SCOTTISH prosecutors are investigating new lines of inquiry into the Lockerbie bombing, it emerged last night.
The Crown Office has contacted relatives of the victims of the atrocity informing them of the possibility of a fresh police probe.
Their investigation into the worst mass murder in British legal history has always remained open despite the conviction of Abdelbaset Ali Mohmed al-Megrahi for the bombing.
Prosecutors have always maintained the Libyan intelligence agent did not act alone when Pan Am 103 exploded over Lockerbie in 1988 killing 270 people.
Last night it was revealed the Crown Office has contacted relatives by e-mail informing them of the plan.
Lindsey Miller, a senior procurator fiscal who was involved in preparing evidence for Megrahi's trial, wrote: "Throughout the investigation we have, at various times, taken stock of the evidence as a whole with a view to identifying further lines of inquiry that can be pursued.
"Now that the appeal proceedings are at an end a further review of the case is under way and several potential lines of inquiry, both through a 'desktop' (paper] exercise and consultation with forensic science colleagues, are being considered. You will of course appreciate that it would not be appropriate for me to elaborate on these lines but please be assured that this is not simply paying lip service to the idea of an 'open case'."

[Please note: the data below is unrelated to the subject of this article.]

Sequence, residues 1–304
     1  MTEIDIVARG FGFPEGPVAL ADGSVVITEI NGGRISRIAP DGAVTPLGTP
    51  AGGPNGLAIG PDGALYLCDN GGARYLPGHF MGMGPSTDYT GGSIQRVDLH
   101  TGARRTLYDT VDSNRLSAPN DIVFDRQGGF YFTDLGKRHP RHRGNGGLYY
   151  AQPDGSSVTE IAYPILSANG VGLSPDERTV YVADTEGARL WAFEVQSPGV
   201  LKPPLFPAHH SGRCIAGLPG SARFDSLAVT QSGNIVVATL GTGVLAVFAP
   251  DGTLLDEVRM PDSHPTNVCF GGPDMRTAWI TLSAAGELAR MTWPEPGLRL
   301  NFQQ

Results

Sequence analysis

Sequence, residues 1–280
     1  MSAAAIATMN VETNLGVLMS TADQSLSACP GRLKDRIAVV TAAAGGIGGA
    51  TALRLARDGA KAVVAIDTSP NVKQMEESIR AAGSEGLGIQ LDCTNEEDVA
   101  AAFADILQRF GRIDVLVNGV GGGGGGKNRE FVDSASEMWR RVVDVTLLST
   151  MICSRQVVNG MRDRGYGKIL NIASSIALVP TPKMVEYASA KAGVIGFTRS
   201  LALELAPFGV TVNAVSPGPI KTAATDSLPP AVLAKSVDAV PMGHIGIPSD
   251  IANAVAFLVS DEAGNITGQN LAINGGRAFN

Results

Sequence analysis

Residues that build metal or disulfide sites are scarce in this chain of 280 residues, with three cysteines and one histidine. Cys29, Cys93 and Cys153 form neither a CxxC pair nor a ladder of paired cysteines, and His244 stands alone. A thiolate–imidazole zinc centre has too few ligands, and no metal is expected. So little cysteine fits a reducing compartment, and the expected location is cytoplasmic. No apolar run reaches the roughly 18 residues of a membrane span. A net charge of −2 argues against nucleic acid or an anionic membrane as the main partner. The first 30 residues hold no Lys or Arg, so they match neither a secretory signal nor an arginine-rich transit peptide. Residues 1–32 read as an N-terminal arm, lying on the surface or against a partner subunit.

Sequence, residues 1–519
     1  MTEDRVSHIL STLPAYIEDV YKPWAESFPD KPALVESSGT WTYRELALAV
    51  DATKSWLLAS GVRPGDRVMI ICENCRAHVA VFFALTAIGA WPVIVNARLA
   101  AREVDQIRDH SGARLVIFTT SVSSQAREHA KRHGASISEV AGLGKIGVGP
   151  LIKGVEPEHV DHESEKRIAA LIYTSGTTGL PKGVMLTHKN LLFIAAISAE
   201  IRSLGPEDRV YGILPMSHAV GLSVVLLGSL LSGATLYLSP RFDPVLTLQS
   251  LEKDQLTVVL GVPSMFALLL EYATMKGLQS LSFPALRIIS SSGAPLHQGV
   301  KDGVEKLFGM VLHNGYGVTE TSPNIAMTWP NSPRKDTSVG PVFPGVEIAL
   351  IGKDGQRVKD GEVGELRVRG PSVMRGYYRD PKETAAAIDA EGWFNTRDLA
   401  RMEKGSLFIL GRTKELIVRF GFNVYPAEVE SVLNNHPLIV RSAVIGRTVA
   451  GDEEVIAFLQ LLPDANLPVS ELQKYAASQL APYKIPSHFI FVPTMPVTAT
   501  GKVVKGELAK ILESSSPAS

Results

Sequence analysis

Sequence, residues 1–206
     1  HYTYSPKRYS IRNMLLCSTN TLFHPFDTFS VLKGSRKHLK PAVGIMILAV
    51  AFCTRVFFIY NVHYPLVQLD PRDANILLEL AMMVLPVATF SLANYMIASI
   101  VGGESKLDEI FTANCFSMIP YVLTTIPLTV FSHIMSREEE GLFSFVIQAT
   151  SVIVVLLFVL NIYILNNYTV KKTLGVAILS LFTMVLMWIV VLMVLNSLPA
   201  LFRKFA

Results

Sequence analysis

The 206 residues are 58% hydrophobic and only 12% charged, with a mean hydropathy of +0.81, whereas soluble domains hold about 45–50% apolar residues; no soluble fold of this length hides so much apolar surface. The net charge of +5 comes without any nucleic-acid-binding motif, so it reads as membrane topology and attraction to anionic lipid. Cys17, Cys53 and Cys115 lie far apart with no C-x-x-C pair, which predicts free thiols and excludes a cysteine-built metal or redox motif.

Detective Chief Inspector Michael Dalgleish, from the original team that brought the case against Megrahi, is heading the investigation with four Dumfries and Galloway detectives.
Pamela Dix, who lost her brother Peter in the 1988 bombing, said "As far as we understand it there are avenues which are being pursued, and I think that should be interpreted as a good thing.
"The situation is unresolved and it is unfinished business."
Dr Jim Swire, who has long been a campaigner for a full inquiry into the bombing, said: "I think that if they are really going to a meaningful investigation then that is all well and good and long overdue. I would be all for it.
"But if it is just a dodge to prevent an investigation into why the lives of those killed were not protected then I would be livid."
A Crown Office spokesman said: "There is no question of reopening the case against Megrahi. The open case concerns only the involvement of others with Megrahi in the murder of 270 people and the Crown will continue to pursue such lines of inquiry that become available.
"The trial court accepted the Crown's position that Mr Megrahi acted on in furtherance of the Libyan intelligence services and did not act alone.
"The Crown stood ready, willing and able to support his conviction throughout the appeal process which he abandoned."